Note taking is a primary tool that all learners use.
Why do we use it?
Primarily to remember what we learned.
It is a miniature learning practice that helps you to learn while listening to a lecture or class.
Not taking any notes makes it difficult to recall as we are bound to lose the ‘short-term memory’ effect soon after.
For those of us born with a photographic memory, that is a different story.
For the rest of us, note taking should be streamlined in our education process.
I have outlined a few steps for note-taking.
You may be using it already for all I know.
There are no hard and fast rules.
Just use the one which makes it easier for you to study.
You may even be using something I did not outline here.
Just remember this. Note taking should help you to recall whatever you learned not only with perfect clarity but you should be able to use that to move forward in your studying.
Here are my 4 favourite steps for note taking:
Step #1 – Reflect
The first rule of thumb is to reflect on what is mentioned.
If you feel that it is relevant, reflect on it and write it down.
Your note taking should be about your reflections, really.
And you should not miss a beat.
I will outline various methods of doing this below.
Step #2 – Receive
Receiving information is a top priority.
Did you listen to the key points?
Did you manage to understand the gist of it?
Always receive information by making short notes immediately while listening.
You may review it later and digest it at leisure.
Step #3 – Recollect
When you jot down your notes, the only important factor is if it will be easy to recollect.
Will you be able to recall when you read it?
Does it contain sufficient information?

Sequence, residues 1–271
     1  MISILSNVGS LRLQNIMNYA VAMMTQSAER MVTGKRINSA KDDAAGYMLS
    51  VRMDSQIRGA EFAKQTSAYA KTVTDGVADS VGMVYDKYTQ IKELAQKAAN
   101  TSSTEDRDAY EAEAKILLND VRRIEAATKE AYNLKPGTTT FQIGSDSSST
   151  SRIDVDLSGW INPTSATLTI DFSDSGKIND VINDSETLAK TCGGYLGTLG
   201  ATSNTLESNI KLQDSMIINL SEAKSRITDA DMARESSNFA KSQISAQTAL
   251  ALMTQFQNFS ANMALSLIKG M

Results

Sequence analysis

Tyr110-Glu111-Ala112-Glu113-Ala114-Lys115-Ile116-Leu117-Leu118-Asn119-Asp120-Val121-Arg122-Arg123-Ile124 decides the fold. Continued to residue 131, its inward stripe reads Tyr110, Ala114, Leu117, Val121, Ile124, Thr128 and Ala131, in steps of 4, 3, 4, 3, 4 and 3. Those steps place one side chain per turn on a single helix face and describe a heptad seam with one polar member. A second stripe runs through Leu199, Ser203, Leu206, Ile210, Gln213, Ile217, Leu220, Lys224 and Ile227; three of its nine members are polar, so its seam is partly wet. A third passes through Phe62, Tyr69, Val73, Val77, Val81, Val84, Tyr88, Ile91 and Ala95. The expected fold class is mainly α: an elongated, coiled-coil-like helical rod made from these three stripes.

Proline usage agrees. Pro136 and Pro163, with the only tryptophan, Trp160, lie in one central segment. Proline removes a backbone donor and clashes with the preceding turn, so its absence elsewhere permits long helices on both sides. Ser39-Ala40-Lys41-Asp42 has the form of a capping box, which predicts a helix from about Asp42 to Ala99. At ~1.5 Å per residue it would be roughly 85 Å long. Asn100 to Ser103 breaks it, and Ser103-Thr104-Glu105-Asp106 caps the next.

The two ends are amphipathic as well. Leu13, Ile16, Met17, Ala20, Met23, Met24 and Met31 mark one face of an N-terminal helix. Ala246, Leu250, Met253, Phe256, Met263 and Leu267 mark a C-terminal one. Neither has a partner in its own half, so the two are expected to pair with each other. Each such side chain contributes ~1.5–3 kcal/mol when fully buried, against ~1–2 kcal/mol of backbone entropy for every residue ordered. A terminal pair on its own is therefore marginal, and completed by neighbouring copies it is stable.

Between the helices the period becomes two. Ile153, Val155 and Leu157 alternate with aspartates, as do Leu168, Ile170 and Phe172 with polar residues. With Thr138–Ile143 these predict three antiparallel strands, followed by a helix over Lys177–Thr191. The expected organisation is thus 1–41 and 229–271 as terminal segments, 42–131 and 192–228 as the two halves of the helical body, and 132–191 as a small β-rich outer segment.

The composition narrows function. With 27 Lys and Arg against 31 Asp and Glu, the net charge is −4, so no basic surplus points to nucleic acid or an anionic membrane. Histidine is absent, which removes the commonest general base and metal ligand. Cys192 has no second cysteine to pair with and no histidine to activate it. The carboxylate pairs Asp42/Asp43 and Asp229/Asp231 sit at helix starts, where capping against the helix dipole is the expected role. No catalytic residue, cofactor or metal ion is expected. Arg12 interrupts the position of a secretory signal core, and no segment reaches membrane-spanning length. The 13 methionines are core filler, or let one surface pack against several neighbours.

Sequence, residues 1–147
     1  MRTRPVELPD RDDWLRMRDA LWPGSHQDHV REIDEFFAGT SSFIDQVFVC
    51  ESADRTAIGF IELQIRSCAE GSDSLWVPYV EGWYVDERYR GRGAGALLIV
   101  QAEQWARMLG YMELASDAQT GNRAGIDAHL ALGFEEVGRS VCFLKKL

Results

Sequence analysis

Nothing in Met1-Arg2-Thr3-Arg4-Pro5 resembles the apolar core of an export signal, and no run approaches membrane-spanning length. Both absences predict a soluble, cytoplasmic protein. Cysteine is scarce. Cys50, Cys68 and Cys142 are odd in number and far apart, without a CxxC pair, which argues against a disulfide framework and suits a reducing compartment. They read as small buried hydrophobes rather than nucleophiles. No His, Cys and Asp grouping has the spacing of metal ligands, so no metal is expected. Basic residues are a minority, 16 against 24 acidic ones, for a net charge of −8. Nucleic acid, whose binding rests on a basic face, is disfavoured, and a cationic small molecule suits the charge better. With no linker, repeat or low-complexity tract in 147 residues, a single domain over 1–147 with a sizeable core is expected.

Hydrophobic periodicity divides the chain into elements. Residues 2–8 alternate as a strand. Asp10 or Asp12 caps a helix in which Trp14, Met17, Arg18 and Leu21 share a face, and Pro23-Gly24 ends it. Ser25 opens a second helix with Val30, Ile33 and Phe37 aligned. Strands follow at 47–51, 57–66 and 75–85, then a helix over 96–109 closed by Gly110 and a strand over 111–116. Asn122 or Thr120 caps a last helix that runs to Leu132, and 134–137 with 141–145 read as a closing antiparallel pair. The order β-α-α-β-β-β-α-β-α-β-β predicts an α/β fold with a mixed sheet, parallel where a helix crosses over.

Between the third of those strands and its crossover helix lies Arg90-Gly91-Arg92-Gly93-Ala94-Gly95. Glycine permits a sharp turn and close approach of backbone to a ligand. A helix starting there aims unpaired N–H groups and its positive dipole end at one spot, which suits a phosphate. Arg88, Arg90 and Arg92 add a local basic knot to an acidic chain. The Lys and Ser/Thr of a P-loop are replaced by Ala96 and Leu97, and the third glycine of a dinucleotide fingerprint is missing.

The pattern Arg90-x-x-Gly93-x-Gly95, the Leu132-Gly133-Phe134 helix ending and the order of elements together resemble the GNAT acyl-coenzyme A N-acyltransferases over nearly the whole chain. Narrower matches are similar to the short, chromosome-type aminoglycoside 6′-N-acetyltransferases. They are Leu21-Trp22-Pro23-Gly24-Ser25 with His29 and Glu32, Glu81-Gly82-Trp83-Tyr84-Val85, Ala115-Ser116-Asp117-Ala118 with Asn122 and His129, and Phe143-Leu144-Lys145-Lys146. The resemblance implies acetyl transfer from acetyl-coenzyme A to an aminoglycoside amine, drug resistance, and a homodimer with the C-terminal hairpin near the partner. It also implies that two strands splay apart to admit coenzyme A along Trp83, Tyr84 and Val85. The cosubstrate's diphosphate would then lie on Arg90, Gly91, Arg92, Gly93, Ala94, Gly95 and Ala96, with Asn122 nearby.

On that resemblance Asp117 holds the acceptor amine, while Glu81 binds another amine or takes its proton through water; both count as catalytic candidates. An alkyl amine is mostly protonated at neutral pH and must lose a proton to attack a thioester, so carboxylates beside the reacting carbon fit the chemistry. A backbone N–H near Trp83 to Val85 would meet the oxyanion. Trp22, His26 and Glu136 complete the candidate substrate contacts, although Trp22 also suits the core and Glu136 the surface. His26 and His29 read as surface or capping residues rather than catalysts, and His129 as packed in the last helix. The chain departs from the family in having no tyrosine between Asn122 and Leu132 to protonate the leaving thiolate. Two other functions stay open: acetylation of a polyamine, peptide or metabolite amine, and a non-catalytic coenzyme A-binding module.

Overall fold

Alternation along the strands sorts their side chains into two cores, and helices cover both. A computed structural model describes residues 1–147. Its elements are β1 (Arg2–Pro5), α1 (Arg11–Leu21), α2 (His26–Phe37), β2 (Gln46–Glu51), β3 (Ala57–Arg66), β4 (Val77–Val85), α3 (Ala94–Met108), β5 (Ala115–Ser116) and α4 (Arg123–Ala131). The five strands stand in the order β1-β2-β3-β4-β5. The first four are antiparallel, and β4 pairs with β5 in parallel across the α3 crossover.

Is it detailed enough?
Are there enough points there which will help you in the future?
Step #4 – Review
Reviewing is for revision purposes or to make sure you got your information intact.
Always review at the end to ensure that you have understood and try to commit it to your memory.
Review your notes and while doing so, add some after-thoughts.
These will help to ingrain the ideas which were presented to you.
3 Methods for Note Taking
Method #1 – Mind map
This is one of the easiest ways to take down notes but it should be organized properly.
Mind maps tend to look very messy when you are revising.
Balloon mind maps or dialogue box mind maps are one of the easiest ways to write down your notes.
Organize your points by giving space in your paper.
You may delineate the top, middle and bottom space for 3 balloons.
This way, you will know that it was during the first, second, and after segments of your lecture or study.
It will appear to be more readable too.
Method #2 – Point form
This is just like writing the PEEL format for your essays.
You may write it as a Point, Evidence, your thoughts, and eventually the connection to the topic or link back.
Practise writing your points in the same PEEL format per idea.
Keep it simple and engage in simple words which will trigger off the rest of the ideas which you gained from there.
No need to be concise. It will take up too much time.
Method #3 – Column form
This is to dedicate the left to the right side of the paper with points.
The left being the point, the middle being your thoughts and the right side could even be a diagram or flowchart depicting the flow of your thought process.
Write down the main connecting idea using the flow chart so that you can see the development of ideas stemming from the first one.
If you use this form, you will like the way your ideas take shape gradually.
In the end, you need to Gauge.
Without being able to assimilate your notes at the end, the whole process is pointless.
I mean, you will need to look back at your notes and recall with perfect clarity.
The notes should be a part of your files.
If you choose to store them on your phone, you should give them suitable titles or sequence them according to dates for easy access.
It is not only the note taking itself but being able to use the notes later which is important.
I have left you with quite a few note taking steps and methods, some of which I have used myself.
I hope that you will find them useful in your studies. Good luck!